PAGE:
Do rough times make it prime time to start a side hustle? Bringing in extra money certainly helps. Here’s how to ease into the extra work.
Times are tough. A lot of people are afraid that their job could disappear faster than toilet paper in a freshly stocked paper goods aisle. If you’ve ever thought about starting a side business, you may be wondering if the timing is ripe to make it happen now.
According to a Vistaprint survey, 55% of Americans are interested in a side gig. When job security is a real concern, earning extra money can be a smart move. But getting a side gig going isn’t hassle-free. Here’s advice from those who have launched successful side businesses.
DREAM BIG, BUT START SMALL
It is easy to get lost in the big picture of a side business idea, says Kirsten Penaloza. By (week) days she is a deputy director for donor support at a nonprofit. But at night — and on weekends — she runs her business, Bodhi Leaf Designs, a vegan eco-friendly soap and skincare brand.
Penaloza says she found it helpful to tackle one small aspect of her business at a time. For her, it was finding safe ways to test ideas, products or services — she tapped friends and family. She suggests setting aside tiny time blocks in which to get things done. “You don’t have to spend four hours a day,” she says.
Nick Loper agrees with the “take small steps” approach. He’s a podcast host and Chief Side Hustler at Side Hustle Nation, a community of small business entrepreneurs. “Starting a business can be daunting, so break it down into the smallest actionable steps, he says. “If you do that, you’ll be able to make consistent progress and not get overwhelmed.”
TAME THE TIME CRUNCH
Julia Zhu, who works at an investment bank, concedes that it took her a couple of years to get her yoga teacher certification. “I always had an excuse,” for not getting started, she says. Top of her list — you guessed it — Not enough time. “Time is our most valuable asset,” Zhu says.
So what’s a busy gal to do? Zhu recommends taking control of your hours in the day. “I put a lot of thought into how I use my time.” For example, once she focused on the path towards her side gig, “I was very clear with the people in my life and asked for their flexibility,” she says.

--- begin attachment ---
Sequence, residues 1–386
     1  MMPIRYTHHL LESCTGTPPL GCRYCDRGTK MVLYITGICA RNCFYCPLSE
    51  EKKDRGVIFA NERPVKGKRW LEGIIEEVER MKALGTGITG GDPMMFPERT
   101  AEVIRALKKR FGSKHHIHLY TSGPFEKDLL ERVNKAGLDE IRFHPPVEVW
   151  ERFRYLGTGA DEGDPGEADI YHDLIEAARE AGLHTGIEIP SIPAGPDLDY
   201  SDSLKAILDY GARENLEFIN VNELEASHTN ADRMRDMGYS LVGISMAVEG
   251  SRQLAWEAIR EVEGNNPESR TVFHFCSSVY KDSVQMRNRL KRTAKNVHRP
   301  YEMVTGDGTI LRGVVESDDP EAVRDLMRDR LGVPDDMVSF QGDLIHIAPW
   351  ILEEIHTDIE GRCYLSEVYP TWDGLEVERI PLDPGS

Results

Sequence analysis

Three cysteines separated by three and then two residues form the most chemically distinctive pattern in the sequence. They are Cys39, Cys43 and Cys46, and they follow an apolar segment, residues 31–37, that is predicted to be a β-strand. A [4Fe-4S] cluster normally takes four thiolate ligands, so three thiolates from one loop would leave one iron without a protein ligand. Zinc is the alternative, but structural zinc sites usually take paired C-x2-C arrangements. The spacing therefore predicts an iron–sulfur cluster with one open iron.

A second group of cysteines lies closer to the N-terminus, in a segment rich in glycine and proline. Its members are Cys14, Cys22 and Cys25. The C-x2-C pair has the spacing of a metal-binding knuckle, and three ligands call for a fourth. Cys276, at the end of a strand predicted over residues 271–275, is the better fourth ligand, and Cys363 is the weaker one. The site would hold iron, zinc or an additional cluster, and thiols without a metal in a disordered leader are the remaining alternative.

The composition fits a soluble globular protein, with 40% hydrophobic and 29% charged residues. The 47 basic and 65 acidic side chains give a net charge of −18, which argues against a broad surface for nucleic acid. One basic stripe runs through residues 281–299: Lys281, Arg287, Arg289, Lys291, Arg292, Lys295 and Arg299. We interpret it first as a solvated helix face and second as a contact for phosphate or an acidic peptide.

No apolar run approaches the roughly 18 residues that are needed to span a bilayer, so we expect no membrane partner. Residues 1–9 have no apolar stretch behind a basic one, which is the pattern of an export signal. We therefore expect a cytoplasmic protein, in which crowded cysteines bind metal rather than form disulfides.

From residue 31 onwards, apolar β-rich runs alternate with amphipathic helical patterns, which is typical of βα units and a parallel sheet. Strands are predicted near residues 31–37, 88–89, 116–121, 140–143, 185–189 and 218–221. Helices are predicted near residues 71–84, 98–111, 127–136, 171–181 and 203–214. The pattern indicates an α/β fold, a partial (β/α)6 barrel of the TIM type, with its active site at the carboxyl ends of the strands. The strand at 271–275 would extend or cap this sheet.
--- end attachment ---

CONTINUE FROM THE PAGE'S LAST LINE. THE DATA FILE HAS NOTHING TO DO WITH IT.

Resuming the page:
Rochelle Porter, who started her lifestyle brand while working full-time, also highlights the time challenge. “If you’ve already got a full time job and the relative security of a steady income, it’s hard to give up your leisure time to pursue yet another job … it is definitely not for the faint of heart.”
To carve out the time you need, set boundaries with your day job and eliminate activities that are sucking your time without feeding your soul. Remember that time is something to be guarded and doled out efficiently.
PUT A PRICE TAG ON IT
It is great if you’re able to follow your heart, but don’t lose your wallet along the way. If your goal is to bring in money — and not just fill your time — you can’t ignore the bottom line.
A hobby is a great place to begin exploring ideas on what to pursue as a side business. “But you still have to figure out how your interest in that hobby translates into dollars,” says Loper.
Porter recommends getting your financial life in order while money is still coming in from your full-time job. That’s the time to set financial boundaries for your expenses. And before you launch your side gig, “have a clear strategy for monetizing your work,” she says.
POWER THROUGH TOUGH TIMES
Resilience is an essential trait for those pursuing a side business. There will be obstacles and unexpected setbacks along the way. At one point an injury threatened to derail Zhu’s plans to teach yoga. Reconnecting with the reasons she started pursuing the practice helped her pull through.
“A lot of the time, I feel like I am going to drop dead,” confesses Penaloza. During the moments that test her, she, like many of the side-giggers we spoke with, encouraged connecting with the purpose, joy and satisfaction of your side-gig.
Loper agrees. “The most important thing is your driving ‘why’ behind doing it,” he says. Keeping your “why” in mind will help you work through the hard times.